I forget where we went but it was a lovely roof bar followed by a Thai restaurant that we travelled to by boat! We then headed on by taxi to the Burj Khalifa — the world’s tallest building — for a drink in the Atmosphere bar on the 122nd floor nearly 1km up!

Like many tall building bars the drinks were expectedly mediocre but you’re not really there for the drinks, are you? There’s a minimum spend limit of around 2000 AED (about £50) each so that guarantees a stay of 2-3 cocktails.

Day 3 – Exploring the Textile Souk and relaxing on the Dubai Creek waterfront

Our hotel, the Orient Guest House, is situated in the what still remains of the historic part of Dubai – the Al Fahidi Historical District. In stark contrast to the skyscrapers elsewhere this area is characterised by narrow streets and low roofed buildings in a traditional style. Some of the buildings even have the traditional wind-catchers — a form of traditional air conditioning system — on their roofs. The place has a bohemian feel to it and there are a handful of gallery cum coffee shops dotted about. There are also a couple of museums though we didn’t visit these.

Enjoying breakfast in one of the few remaining traditional hotels in Dubai. It’s bustling traffic outside but that doesn’t interrupt the calm here.

After breakfast in the rather pleasant courtyard of our accommodation we explored the old town on foot, walking through the local textile souk – a traditional style market full of pushy spice and textile traders. It was barely five seconds before, to mine and Petra’s amusement one particularly forward chap was wrapping a chequered red cloth around an unreceptive Simon’s head.

A little further and we reached the port — a striking juncture of old and new — with water taxis in varying states of disrepair belching their diesel fumes skywards to a backdrop of ultra-modern office blocks.

Against a backdrop of modern office blocks these river taxis hurriedly transport their fares to and from the market.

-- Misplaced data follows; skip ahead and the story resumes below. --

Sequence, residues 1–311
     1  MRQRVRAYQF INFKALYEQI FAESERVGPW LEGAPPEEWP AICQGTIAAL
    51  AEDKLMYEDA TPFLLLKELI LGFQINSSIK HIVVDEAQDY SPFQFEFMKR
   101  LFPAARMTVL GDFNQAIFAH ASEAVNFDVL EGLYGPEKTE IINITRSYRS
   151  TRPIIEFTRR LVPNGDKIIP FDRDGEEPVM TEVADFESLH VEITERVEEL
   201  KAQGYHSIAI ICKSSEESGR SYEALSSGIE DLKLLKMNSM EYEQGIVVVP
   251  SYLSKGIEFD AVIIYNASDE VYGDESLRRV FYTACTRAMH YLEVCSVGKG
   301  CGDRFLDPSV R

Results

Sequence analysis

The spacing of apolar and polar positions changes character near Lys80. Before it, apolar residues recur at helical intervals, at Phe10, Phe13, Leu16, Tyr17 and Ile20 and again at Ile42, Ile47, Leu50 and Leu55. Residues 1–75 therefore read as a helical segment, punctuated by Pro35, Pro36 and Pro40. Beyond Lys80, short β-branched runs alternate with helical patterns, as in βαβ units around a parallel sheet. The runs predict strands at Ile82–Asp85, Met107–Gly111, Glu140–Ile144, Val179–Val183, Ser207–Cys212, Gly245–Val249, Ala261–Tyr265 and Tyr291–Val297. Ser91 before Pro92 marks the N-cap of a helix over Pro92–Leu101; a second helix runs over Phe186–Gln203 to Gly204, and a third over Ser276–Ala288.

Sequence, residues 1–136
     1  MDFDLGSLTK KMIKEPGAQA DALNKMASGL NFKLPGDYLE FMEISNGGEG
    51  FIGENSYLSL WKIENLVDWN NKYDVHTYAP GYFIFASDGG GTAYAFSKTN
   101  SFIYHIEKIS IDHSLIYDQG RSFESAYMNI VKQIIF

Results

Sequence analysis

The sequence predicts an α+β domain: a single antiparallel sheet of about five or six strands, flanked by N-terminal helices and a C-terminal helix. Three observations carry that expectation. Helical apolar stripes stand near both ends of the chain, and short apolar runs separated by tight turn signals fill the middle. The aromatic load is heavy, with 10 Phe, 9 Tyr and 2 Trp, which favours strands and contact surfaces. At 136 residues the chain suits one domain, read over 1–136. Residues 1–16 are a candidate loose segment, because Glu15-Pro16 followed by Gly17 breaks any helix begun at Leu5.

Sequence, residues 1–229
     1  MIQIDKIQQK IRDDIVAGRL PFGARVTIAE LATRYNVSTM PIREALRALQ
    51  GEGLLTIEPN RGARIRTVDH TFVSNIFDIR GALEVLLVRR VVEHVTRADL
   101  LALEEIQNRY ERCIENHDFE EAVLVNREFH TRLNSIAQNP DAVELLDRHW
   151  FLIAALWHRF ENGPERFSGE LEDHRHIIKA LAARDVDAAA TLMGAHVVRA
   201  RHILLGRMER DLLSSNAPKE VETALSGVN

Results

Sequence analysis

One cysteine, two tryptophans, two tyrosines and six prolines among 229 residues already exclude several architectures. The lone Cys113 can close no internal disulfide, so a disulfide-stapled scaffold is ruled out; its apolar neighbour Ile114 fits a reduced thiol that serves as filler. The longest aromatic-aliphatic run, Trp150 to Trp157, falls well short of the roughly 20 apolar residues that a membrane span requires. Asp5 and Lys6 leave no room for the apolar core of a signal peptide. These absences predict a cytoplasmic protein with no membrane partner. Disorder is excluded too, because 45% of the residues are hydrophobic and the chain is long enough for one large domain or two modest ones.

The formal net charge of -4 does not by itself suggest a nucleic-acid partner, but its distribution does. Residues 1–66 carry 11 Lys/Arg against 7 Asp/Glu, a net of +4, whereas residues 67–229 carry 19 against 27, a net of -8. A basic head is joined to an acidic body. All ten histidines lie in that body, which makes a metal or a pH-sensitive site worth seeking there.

After this we took a quick trip to the redeveloped Al Seef area a short walk up the Dubai Creek waterfront. This is a mix of clean modern dining venues and a super realistic mock old town and a great place to relax away from the bustle of the Souk.

The main promenade at the newly developed Al Seef area. The building are modern replicas of the traditional style.
Petra enjoying the view across Dubai Creek from Al Seef.
Day 4 – Jebel Jais, mountains and Wadi Shah hike
The view across the mountains from Jebel Jais is nothing short of stunning. The Omani boarder is not far to the left. Faintly visible are the cables of the world’s longest zipline which is situated here.

Taking a break from urban life we headed inland to the mountains close to the Omani border, and up the long, winding, and unnecessarily large road to the top of Jebel Jais — the highest mountain in the UAE.

Jebel Jais doesn’t appear to be the highest mountain in the area, but the mountains stretch into Oman where the higher peaks reside.

The landscape here is a spectacularly barren martian-cum-lunar affair almost completely devoid of vegetation. It’s amazing it can sustain any kind of life. Human life up here appears to be supported by a couple of trailers serving underpriced kebabs and pot-noodles. We plumped for the latter considering the heat and our initial perceptions of the food hygiene standards.